The wombat took a swipe at Trapper and almost hit the metal detector strapped across his back.

"What's a wombat doing on the side of a cliff?" he yelled. Trapper often spoke his mind out loud, as if he had an audience at all times. He was angry at the creator for defying the laws that he, himself, set up. "Wombats do not climb cliffs!" Trapper raised his gun and shot two bullets through the wombat's chest. It died instantly.

No bullets left. Trapper had been foolish. He should have saved his ammunition for a mightier foe. If the creator had written a biography for Trapper, it would have read: Hero loses his soul, angers warlock because of a woman, fights his way up a mountain to regain his soul, and gives up his defenses because of a foolish act.

No matter. Trapper threw his gun down and climbed the rest of the way up the rocks. He was angry now-angry because of the wombat, angry because Sophia was gone, and angry that he didn't seem to have any control over his destiny. He felt like a pawn in this bizarre world-like a puppet being thrown around at the master's every whim.

Maybe he had been without his soul for too long. Did he even remember what it felt like to have a soul? Yes. Sometimes Agath would torture him by giving him a taste of his soul. During those excruciating times, it made him realize how much of life he was missing. When he was able to feel just a tiny part of his soul, he felt like a fish who had just discovered it had fins. But then Agath would quickly laugh and tear those fins away.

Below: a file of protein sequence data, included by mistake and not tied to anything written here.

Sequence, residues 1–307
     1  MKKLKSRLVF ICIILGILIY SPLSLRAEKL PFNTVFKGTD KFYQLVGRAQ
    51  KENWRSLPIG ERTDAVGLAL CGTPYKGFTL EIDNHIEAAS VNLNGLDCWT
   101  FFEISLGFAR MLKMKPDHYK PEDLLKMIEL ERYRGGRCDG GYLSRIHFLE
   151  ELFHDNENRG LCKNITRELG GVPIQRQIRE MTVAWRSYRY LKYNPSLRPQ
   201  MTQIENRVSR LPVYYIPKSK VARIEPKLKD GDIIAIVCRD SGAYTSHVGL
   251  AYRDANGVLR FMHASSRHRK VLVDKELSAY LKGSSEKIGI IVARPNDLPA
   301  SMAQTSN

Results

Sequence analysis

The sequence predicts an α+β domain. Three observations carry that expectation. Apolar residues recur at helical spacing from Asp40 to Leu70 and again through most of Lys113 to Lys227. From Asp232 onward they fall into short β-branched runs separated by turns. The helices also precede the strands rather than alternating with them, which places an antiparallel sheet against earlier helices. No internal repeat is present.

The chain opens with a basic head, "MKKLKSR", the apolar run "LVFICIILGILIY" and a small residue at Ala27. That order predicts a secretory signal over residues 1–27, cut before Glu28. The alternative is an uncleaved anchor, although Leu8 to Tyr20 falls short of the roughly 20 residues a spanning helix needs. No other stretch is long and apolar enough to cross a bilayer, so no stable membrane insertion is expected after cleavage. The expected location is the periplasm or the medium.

Trapper was on the other side of the cliff now. He climbed down the rocks and found his way to a secret beach. The tide was low and the sand was ready to be searched. He'd been here many times before, but he couldn't remember how he knew that. He started at the water line and began sweeping the metal detector back and forth. On his fifth pass, the detector gave a strong beep. Suddenly, he remembered the last time he was here. "Not again!"

He turned around quickly and reached for where his gun used to be.

Ranagin was standing a few paces off with his weapon outstretched. "Die, Trapper!" The hunter fired two clean shots into Trapper's forehead, killing him on the spot.

In a millisecond, the entire world dissolved into nothing, followed by a tiny crackle of static electricity and a frustrated scream.

"Ah! I'm never going to win this game!" cried a young teenager. "It took me an hour just to get past the dumb rock level."

"Honey, come to dinner!"

Johnny threw down his video game controller. He pointed at the blank TV screen and mumbled before leaving, "Next time, Ranagin, you're mine!"




What Matthew won:

$300 Cash Prize
Publication of winning story on the WritersWeekly.com website
1 - Freelance Income Kit Includes:
-- 1-year subscription to the Write Markets Report
-- How to Write, Publish and $ell Ebooks
-- How to Publish a Profitable Emag
-- How to Be a Syndicated Newspaper Columnist Special (includes the book; database of 6000+ newspapers; and database of 100+ syndicates)